Select tech race/ethnicity

Some Diversity Comparisons In and Out of Tech Industry

Diversity in Silicon Valley has been topic of much discussion recently. There is no need to look at the statistics to know tech industry is suffering (severely) from lack of diversity. To fulfill my curiosity, I decided to add up the numbers from some random companies I was interested in. The results for both gender and race/ethnic diversity are in the following graphs.

First, this is the Census Bureau data from 2013:

Now what if we look at some tech companies who have published their employee “diversity” information? Would the results compare?

Now, I started to wonder how it compares with other industries. For example, medical fields. Just looking at the overall figures from US Department of Health and Human Services yields these graphs.

Now, if we add up the head counts for these selected categories in health care and tech, we get these two graphs for race/ethnicity and gender:

Of course, we are comparing 4.8M jobs in health care with 227K jobs in companies I almost randomly selected in tech sector. But still, as you see the overall health industry is mostly a female business (73.98%) while the tech industry is “ruled” by males (71.79%). It also looks to me that health industry is even more “white” than tech, with 78% vs. 54%.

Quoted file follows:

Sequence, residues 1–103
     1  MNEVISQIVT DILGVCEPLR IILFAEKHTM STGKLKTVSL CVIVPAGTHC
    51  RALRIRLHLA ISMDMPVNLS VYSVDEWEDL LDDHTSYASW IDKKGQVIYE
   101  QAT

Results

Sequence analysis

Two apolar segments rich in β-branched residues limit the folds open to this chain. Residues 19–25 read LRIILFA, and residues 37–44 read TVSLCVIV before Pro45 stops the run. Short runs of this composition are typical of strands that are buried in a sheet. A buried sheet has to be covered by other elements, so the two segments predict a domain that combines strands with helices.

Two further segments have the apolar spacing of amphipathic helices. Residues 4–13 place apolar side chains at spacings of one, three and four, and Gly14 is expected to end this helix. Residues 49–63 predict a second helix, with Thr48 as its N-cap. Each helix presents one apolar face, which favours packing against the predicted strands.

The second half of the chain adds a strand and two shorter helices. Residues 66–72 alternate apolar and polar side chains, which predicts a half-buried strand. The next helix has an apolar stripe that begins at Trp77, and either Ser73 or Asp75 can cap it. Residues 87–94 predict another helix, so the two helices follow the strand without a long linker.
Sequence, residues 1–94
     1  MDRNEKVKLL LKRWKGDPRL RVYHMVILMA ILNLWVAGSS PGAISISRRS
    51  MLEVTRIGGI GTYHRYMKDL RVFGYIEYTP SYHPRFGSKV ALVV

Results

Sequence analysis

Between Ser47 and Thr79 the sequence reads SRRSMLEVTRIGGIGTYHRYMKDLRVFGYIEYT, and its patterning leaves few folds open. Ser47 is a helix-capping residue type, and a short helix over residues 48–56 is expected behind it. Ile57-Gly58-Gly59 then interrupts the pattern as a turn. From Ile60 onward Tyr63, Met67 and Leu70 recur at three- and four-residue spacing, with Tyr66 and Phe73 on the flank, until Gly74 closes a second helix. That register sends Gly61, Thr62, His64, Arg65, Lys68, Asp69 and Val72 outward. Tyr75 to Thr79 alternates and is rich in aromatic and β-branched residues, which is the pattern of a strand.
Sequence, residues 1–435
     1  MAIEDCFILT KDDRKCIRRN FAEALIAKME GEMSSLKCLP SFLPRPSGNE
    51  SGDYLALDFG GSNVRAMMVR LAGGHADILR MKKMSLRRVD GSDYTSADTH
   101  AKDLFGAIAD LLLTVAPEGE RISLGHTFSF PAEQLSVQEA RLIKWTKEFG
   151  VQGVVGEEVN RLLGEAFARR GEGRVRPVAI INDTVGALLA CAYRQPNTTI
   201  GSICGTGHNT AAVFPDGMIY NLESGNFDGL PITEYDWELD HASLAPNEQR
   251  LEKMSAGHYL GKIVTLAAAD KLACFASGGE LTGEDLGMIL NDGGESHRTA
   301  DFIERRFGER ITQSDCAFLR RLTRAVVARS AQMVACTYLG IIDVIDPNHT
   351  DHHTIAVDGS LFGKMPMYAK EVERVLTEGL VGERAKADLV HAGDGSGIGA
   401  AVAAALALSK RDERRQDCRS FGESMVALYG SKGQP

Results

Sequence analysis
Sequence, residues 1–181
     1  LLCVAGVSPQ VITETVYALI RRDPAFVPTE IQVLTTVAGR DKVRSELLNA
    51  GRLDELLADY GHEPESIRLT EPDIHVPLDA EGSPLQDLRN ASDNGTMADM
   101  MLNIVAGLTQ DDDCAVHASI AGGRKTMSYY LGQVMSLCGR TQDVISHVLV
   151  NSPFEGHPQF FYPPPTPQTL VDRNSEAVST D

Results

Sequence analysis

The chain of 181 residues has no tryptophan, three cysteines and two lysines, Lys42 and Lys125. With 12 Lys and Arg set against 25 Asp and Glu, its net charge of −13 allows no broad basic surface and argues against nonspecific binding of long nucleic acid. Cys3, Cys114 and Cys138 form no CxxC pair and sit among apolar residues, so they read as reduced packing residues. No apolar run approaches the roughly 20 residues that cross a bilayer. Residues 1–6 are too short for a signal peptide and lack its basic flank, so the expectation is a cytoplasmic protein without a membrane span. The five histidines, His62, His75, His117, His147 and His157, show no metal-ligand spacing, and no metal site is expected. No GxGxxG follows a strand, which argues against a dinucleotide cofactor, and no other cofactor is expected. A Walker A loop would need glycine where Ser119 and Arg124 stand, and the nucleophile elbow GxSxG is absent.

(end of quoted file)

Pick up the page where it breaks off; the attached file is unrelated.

I find it hard to come to conclusions with this basic data. I’m sure a data scientist (or statistician) can do wonders. To me, this all looks like evidence that tech industry is in focus of diversity only because we “techies” have always tried to be the ones doing the right thing. I firmly believe there is a philanthropic side to us techies.

The fact that many of us were branded as “geeks” and “nerds” and similar negative terms means many have the thirst for justice. Being on the receiving side of bullying is not something desired. I very much agree that tech industry needs a more diverse population. But I also believe that we have to understand this is just one industry. The problem is not necessarily just limited to tech. But by correcting this industry, we might be able to set an example for the other fields.

Side note

Looking closer at the raw data of health care section shows two fields, registered nurses and speech-language pathologists, are even more skewed in the gender field. Removing these two fields yields an almost perfect half line split in gender:

Still, the race/ethnicity backgrounds still look too “white” (77%).



Diversity report locations I used:

And there are many other similar works about tech diversity. Many specifically focus on diversity in higher ranks and different functions within the industry. This is something I am not sure is available in other sections to this extent: